This word has a very satisfying sound, I think. Like something that fits neatly being slotted in just right, or a nice bit of mechanics tightly machined and working to perfection. A key fitting in a lock. A catch clicking in its notch. A door closing smoothly and tightly. Or perhaps the sound of a block of cheese or soap being cut in a perfect diagonal slice. It starts with the crisp click-slide of “ch” and after a short vowel pushes the cushion of the nasal “n” to the tongue-tip stop “t.” Tidy. Complete. Satisfying. Continue reading
So. You know scoundrel and wastrel and custrel (well, maybe you don’t know that one) and kestrel and even doggerel. There’s this –rel suffix that English got from French–ereau and –erelle, and we use it for diminutive derivatives, especially pejorative ones. It sounds sort of like throat-hawking in another room, or a car peeling out on a gravel road nearby, or the faint echo of someone having been thrown in a well.
But pynt? What is that? Well, it’s an old spelling for paint or pint or pained or point. But which is it here?
Yes. Continue reading
There’s a certain type of person I’ve always been fascinnoyed with (you know, simultaneously fascinated and annoyed): a person who makes a point of letting you know that they don’t know about something. A kind of one-downer. A stronteur. Continue reading
The ice giants have swept into town riding on their howling wind-wolves, and the air and ground are so iron-hard that if the cold kills you, no one can shovel; they will bury you in midair.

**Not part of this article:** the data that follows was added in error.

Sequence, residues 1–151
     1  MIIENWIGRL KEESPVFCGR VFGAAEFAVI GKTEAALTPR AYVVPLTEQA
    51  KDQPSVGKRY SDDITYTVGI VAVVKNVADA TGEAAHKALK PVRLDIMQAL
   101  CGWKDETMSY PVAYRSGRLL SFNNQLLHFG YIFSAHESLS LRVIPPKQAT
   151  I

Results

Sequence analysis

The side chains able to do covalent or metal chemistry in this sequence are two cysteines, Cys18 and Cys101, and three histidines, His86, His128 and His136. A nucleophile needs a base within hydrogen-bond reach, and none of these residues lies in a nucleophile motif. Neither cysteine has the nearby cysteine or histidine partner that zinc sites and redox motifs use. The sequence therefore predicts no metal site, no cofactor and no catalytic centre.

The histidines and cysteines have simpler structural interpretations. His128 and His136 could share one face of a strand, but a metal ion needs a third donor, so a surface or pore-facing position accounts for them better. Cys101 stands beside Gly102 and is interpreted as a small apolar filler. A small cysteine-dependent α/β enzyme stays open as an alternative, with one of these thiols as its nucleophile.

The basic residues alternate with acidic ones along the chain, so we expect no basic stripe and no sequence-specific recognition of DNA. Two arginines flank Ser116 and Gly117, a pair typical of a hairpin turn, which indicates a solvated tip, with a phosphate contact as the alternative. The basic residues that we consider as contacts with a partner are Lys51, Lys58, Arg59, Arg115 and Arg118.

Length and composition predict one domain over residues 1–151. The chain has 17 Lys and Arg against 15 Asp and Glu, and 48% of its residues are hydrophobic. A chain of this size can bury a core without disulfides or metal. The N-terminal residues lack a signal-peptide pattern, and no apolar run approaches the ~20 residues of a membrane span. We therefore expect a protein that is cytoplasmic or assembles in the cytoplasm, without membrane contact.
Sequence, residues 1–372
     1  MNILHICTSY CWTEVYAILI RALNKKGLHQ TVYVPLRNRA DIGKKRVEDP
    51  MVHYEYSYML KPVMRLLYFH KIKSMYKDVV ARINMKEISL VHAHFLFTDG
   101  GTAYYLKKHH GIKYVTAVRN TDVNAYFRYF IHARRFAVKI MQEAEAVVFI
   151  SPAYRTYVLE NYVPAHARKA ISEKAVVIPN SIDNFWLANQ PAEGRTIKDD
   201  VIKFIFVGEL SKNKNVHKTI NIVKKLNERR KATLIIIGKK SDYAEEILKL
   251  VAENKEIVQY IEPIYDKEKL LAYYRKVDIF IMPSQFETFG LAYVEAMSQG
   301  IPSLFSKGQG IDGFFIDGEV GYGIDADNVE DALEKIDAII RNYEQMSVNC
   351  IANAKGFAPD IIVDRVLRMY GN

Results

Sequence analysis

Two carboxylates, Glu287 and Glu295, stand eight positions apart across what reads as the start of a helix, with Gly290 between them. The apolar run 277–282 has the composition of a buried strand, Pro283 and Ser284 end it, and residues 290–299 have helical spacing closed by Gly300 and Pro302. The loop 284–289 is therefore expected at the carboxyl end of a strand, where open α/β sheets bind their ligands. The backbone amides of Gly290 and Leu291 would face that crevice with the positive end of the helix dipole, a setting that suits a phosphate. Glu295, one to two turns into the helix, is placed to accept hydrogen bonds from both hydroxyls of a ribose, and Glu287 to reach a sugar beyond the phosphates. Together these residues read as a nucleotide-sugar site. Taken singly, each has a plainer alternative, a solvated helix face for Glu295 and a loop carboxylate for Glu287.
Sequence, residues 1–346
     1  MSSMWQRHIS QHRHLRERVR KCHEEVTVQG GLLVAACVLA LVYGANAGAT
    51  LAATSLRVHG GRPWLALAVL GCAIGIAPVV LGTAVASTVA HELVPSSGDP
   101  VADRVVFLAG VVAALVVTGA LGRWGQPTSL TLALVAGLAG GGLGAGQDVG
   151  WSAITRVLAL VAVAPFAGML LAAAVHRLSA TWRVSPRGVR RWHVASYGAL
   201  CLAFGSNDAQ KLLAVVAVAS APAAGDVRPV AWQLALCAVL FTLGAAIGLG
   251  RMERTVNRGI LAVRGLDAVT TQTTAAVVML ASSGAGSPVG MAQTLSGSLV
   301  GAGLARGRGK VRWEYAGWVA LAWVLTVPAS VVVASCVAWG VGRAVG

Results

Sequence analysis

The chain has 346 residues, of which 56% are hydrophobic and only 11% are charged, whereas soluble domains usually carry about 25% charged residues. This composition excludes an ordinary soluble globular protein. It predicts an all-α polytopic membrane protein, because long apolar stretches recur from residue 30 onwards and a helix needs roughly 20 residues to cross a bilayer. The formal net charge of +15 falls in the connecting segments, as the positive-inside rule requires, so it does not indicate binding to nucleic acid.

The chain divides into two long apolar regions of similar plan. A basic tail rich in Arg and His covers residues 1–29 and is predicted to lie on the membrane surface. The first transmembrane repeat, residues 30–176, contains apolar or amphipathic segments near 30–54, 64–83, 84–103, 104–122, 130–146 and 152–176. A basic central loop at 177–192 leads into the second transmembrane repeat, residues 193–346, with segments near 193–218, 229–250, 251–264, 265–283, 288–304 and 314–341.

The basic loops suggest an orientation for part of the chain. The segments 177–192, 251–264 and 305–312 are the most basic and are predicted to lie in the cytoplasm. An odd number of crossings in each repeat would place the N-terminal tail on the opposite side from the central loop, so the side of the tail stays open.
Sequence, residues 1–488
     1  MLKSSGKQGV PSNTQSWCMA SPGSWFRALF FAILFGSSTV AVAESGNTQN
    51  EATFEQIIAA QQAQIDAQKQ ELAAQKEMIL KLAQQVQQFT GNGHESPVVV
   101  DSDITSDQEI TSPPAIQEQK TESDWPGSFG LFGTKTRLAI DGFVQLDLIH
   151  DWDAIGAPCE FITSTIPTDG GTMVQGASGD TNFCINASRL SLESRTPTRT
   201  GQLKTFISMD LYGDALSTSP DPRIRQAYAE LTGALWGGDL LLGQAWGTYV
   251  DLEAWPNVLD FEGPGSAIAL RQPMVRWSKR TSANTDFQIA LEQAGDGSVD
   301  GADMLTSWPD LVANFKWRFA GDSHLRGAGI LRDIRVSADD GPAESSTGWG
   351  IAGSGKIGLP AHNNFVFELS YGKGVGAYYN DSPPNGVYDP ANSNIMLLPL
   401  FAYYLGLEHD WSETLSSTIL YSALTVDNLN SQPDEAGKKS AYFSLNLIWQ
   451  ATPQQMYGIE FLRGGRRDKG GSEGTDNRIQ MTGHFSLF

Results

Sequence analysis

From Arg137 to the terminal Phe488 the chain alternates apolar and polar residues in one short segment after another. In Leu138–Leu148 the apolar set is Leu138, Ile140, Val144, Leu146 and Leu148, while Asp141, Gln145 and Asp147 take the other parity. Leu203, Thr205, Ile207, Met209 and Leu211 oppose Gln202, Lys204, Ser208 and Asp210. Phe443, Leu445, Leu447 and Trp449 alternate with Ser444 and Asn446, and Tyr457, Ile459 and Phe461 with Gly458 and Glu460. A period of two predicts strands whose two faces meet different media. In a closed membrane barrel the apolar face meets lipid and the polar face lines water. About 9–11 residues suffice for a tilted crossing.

The ice giants want to kill you. The wolves want to bite you and the giants want to stab you in the face, over and over.
And they do. Even if the wolves do not manage to give you frostbite, the giants will give you blawdurk. The weather may seem almost tolerable, the air just ice-glass, crisp and clear, scratched here and there by small diamonds of frost, but then you will turn a corner and the breeze will put a dagger into your cheek, your brow, your eyelid, your eye. It is that boreal pain: no tropical denizen, however much they may be sun-broiled, will get from the weather a hard-iron agony within the span of three breaths. The ice giants test your mettle by testing their metal: daggers of icy gusts, blawdurk.
What is this word blawdurk, how has it been blown together? Check your Scots dictionary: blaw means ‘gust, blowing’, and similar things; durk means ‘dirk’ or ‘dagger’ – a small dagger formerly often carried, and not just by ice giants. When you turn that corner and the daggers of ice slam into your face, this is blawdurk.
Well, we needed a word for it, didn’t we? I decided we did after experiencing the good old Canadian face pain today. I took these two bits from Scots and froze them together to make a new old word. If you have a different term for it, well, that’s fine too.
I’m making the audio version of my note on lexemia available to everyone… as an enticement to subscribe, of course. Stop by Patreon.com/sesquiotic and listen to it there.
Look at this word. Just look at it. You just have to love it, don’t you? It’s long. It’s German. It must mean something that English speakers wish they had a word for. Continue reading
Does cutchyrun sound like someone who might cut and run? Perhaps it’s more like someone you would prefer to cut and run from. It’s not a cushy role to play, that’s for sure, and I don’t know whether it’s really something that’s catching.
A cutchyrun is one of the world’s Charlotte Bartletts (for those familiar with A Room with a View) – specifically in the sense that they always say “Don’t trouble yourself” or “Don’t stand on ceremony” when you know damn well that they will be quietly but tangibly disappointed if you don’t; they always say “It’s no problem at all” and they never complain but somehow you just know that it’s truly the most grievous problem, whatever it is you’re asking. Continue reading